I would say that right now the government is paying too much attention to this issue. Notice how they have nothing to say about the fact that large numbers of Americans support the right to bear arms and much of the reason that the US government is unable to enact significant gun control is precisely because it is so unpopular. I don’t imagine that public opinion means very much to the people running China.

I wonder what the crime rate in China is and how it compares to America’s. I am not at all sure they keep accurate statistics. I also wonder if certain events in China’s recent history might have turned out differently if the Chinese had the right to bear arms.

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Some More About Osama

May 3, 2011

I’m sorry, but it’s all I can think of right now, so I’ll just highlight a few stories that caught my eye.

Obama doesn’t seem to have gotten any bounce in his approval ratings.

While the public lauds the president’s performance killing Bin Laden, he got no overall bounce in a new Newsweek/Daily Beast poll. Also: Obama vs. Bush on terror and Obama vs. Trump in 2012.

How much overall boost did President Obama get from the capture of Osama Bin Laden? None, according to an exclusive Newsweek / Daily Beast poll encompassing 1,200 American adults, conducted in the two days immediately before the president’s Sunday announcement about the terrorist leader, and then the two days immediately after.

Specifically, Americans like the way he handled the situation, giving him strong results in strength and decision-making (55 percent now term him a strong leader overall, and 63 percent do so in the area of terrorism). Yet he did not get any overall bump in terms of approval rating, or electoral support. His approval rate was unchanged—48 approve, 49 disapprove, both before and after. There was also no statistical change in whether Obama deserves reelection—40/48 before, 39/49 after.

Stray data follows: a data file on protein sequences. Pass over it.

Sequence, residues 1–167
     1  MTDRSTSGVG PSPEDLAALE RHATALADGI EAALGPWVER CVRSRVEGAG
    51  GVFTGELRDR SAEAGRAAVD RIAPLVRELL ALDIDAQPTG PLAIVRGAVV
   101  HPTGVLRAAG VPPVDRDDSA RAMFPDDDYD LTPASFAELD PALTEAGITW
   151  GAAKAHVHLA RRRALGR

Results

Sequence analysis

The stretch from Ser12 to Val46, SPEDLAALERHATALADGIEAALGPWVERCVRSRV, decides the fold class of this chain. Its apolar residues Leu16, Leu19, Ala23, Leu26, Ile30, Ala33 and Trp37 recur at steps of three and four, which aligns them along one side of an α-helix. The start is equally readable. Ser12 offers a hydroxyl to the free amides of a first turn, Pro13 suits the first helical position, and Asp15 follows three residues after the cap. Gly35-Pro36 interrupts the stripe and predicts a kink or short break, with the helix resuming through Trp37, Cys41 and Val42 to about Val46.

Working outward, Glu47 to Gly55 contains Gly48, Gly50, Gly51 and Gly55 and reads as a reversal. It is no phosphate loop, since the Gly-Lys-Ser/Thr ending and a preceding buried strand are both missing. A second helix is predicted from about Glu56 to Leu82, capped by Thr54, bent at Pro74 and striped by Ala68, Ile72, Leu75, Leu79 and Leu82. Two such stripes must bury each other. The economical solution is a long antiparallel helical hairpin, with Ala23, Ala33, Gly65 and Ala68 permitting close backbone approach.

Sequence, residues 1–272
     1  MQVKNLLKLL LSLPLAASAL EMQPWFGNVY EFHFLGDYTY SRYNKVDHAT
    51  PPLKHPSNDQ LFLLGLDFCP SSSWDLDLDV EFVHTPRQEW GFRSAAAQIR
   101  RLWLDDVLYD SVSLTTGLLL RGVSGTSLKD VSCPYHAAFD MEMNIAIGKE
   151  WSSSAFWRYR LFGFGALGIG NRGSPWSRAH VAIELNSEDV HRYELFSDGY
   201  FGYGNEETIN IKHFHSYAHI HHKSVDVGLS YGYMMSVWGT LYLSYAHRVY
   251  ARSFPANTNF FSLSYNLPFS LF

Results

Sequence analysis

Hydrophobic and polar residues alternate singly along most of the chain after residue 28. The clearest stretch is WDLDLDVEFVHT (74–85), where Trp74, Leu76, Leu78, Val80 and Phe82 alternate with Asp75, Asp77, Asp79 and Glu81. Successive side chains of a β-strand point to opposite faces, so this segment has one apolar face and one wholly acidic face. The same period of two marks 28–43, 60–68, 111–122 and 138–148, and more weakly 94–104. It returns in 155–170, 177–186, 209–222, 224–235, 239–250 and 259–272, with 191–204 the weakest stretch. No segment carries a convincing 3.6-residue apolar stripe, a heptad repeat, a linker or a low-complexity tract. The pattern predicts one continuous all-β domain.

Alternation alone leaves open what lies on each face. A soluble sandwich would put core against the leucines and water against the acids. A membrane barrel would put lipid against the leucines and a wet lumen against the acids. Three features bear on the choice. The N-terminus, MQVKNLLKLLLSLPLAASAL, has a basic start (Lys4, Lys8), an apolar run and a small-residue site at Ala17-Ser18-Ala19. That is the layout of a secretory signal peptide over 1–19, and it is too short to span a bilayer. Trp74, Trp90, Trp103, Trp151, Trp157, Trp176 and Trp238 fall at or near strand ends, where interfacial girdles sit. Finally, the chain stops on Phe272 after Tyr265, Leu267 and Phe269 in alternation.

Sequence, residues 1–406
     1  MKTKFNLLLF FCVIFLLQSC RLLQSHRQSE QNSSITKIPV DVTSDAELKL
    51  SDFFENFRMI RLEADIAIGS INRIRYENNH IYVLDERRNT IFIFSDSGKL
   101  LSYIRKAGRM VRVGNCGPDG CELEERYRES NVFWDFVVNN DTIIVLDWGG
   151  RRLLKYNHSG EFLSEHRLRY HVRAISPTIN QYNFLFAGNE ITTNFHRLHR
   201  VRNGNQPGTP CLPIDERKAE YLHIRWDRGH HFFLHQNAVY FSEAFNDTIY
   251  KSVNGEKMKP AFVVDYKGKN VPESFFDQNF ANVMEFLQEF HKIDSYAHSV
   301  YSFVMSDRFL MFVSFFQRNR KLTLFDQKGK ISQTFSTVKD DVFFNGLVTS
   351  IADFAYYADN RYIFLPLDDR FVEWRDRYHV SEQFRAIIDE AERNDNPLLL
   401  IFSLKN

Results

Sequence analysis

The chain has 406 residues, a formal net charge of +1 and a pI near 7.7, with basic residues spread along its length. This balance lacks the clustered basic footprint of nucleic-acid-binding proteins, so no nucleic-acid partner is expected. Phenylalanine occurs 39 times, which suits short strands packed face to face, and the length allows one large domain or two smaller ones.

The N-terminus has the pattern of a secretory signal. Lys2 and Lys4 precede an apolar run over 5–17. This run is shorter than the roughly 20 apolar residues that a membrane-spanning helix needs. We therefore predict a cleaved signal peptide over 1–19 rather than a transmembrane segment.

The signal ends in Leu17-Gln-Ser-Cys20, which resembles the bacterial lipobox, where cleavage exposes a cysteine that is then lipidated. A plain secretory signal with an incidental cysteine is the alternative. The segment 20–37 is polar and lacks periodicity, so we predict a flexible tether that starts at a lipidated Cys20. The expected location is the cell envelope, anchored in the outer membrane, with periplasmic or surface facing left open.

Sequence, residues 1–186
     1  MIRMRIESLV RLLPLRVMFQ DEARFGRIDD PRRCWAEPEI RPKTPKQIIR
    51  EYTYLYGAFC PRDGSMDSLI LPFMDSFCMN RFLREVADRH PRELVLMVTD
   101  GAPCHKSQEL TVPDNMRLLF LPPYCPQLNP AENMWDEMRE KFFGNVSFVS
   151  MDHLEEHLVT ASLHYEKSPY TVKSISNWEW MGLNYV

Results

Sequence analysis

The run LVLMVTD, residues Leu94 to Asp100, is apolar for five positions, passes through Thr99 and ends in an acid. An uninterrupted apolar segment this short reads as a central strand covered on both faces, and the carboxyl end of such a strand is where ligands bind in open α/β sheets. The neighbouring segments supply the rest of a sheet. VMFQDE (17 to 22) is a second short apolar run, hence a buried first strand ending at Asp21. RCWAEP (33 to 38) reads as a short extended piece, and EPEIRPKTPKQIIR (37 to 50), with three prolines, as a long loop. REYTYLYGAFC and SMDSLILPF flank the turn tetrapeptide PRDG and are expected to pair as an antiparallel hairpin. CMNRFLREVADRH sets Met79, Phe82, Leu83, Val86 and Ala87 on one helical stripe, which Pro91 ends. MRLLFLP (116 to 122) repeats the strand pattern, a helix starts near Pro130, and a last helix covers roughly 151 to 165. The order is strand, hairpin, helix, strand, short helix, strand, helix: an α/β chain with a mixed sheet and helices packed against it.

This doesn’t seem quite fair for Obama. If the mission had failed he would have gotten blamed by everyone, s0 it’s only fair to give him some credit now. But, as the article mentions, people are probably more fixated on the poor economy right now.

On the other hand, it seems to have taken him sixteen hours to have made up his mind to go ahead. This would seem to be a  “no-brainer” but then he had to have been concerned about the risks

And, of course we have the usual carping:

From Der Speigel:

Was Bin Laden’s Killing Legal?

and the UN:

UN rights boss asks US for facts on bin Laden killing

GENEVA, May 3 (Reuters) – The United Nations’ top human rights official called on the United States on Tuesday to give the U.N. details about Osama bin Laden’s killing and said that all counter-terrorism operations must respect international law.

But Navi Pillay, U.N. High Commissioner for Human Rights, said that the al Qaeda leader, killed in a U.S. operation in Pakistan, had committed crimes against humanity as self-confessed mastermind of “the most appalling acts of terrorism”, including the Sept. 11, 2001 attacks on America.

It was always clear that taking bin Laden alive was likely to be difficult, she said, noting that U.S. authorities had stated that they intended to arrest him if possible.

“This was a complex operation and it would be helpful if we knew the precise facts surrounding his killing. The United Nations has consistently emphasised that all counter-terrorism acts must respect international law,” Pillay said in a statement issued in response to a Reuters request.

Is that some kind of joke? The UN has no moral authority whatever on the issue of human rights.